|Supervisor:||Dipl.-Ing. Stefan Meier (Room 01.178)|
|Faculty:||Prof. Dr.-Ing. Walter Kellermann|
A common problem in audio signal processing is the detection of time frames with an active target source, which is typically a human speaker. Possible applications include automatic speech recognition, where the speech recognizer should only be active during target source activity, or system identification, where the acoustic path between the target source and the microphones should be estimated during noise pauses. Conventional voice activity detection methods exploit spectral and temporal characteristics of speech signals in order to distinguish speech (which is relatively nonstationary and exhibits harmonic structures) from background noise (which is typically stationary over longer time intervals).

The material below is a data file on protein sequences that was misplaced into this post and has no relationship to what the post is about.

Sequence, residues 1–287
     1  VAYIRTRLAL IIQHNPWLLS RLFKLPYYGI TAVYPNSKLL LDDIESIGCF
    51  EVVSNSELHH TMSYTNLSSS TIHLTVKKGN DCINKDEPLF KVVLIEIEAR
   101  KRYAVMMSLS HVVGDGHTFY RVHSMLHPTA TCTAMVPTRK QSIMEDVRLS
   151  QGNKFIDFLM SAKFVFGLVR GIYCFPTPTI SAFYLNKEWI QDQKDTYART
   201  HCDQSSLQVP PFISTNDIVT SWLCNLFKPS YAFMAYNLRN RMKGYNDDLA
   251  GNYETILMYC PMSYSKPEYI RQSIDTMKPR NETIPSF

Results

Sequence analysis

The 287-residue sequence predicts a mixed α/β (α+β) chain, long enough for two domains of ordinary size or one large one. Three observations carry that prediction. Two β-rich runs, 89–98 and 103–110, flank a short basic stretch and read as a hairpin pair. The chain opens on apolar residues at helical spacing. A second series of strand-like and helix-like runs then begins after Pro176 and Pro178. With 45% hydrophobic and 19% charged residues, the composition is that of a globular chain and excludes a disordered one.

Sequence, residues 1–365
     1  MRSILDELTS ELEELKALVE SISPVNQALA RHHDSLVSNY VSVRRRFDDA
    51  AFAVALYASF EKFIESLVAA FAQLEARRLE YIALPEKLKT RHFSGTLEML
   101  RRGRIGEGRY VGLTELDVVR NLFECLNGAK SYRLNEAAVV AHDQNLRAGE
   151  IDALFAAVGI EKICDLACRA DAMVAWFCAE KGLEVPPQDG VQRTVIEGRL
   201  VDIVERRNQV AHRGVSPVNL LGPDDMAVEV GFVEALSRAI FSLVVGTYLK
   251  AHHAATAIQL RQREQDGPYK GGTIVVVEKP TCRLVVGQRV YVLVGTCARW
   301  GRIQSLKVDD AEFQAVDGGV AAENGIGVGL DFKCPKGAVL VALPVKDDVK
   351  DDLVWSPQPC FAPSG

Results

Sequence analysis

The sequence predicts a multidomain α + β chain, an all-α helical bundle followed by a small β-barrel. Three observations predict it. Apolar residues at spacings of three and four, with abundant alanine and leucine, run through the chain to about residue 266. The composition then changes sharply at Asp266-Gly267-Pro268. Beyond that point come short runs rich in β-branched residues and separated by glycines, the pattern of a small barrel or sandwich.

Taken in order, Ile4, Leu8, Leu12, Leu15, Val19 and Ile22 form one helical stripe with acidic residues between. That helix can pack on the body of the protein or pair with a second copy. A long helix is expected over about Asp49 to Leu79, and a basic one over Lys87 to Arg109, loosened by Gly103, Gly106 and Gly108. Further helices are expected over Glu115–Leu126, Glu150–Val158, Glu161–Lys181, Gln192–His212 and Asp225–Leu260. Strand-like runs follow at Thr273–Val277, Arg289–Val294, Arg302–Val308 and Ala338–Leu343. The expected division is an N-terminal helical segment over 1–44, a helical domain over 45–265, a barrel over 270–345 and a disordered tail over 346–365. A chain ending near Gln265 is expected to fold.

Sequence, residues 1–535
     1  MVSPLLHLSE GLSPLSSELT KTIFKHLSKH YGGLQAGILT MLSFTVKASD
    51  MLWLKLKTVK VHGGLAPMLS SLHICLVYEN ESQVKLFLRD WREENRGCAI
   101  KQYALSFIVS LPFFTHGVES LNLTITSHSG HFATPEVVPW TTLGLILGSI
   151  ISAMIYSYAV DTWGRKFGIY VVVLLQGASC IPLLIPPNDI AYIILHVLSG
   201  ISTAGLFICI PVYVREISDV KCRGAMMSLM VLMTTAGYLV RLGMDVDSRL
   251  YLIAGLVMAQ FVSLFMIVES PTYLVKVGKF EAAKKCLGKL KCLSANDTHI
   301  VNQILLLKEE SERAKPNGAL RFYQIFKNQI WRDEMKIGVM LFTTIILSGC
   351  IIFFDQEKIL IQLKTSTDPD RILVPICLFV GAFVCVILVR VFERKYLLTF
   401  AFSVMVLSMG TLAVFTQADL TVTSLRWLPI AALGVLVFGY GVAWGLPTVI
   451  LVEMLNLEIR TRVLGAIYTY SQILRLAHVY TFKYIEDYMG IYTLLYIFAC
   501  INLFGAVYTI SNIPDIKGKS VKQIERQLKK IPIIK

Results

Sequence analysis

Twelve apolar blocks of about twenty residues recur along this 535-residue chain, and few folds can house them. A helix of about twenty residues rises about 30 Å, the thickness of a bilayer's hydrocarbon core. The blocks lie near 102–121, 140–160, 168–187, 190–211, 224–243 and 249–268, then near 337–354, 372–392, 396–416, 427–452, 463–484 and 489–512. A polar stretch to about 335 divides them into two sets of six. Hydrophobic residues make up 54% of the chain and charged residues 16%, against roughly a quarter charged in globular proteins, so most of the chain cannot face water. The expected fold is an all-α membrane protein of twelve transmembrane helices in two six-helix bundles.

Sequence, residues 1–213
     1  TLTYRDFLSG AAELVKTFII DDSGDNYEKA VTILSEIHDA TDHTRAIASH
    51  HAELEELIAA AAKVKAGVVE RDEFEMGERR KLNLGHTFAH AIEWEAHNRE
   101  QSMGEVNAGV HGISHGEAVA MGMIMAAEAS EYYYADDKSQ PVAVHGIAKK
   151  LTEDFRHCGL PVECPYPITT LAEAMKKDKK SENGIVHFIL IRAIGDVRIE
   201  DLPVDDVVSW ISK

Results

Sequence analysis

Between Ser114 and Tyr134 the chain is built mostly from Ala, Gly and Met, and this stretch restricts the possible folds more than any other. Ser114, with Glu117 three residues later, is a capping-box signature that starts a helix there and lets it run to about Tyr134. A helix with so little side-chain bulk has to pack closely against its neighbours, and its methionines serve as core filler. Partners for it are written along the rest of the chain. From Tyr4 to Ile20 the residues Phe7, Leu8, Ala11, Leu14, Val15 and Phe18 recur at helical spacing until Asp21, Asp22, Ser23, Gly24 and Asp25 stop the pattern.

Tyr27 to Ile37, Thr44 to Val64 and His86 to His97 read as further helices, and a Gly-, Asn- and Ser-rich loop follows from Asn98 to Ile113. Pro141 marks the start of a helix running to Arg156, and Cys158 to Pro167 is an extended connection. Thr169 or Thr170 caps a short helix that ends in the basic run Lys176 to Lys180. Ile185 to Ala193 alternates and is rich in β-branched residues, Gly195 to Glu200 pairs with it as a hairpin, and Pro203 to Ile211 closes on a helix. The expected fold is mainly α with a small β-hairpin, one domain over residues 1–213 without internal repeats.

In the past, various methods for voice activity detection have been proposed in the literature, which should be evaluated in this thesis. The thesis involves a thorough literature research in order to gain an overview of the state of the art. Promising methods should be implemented and compared with each other. The evaluation should address different kinds of background noise (e.g., white noise, babble noise) and should be performed under different environmental conditions (e.g., reverberation, signal-to-noise ratio). Finally, the most promising method(s) should be identified.
Well-documented and well-structured software is important. The thesis can be written in German or English.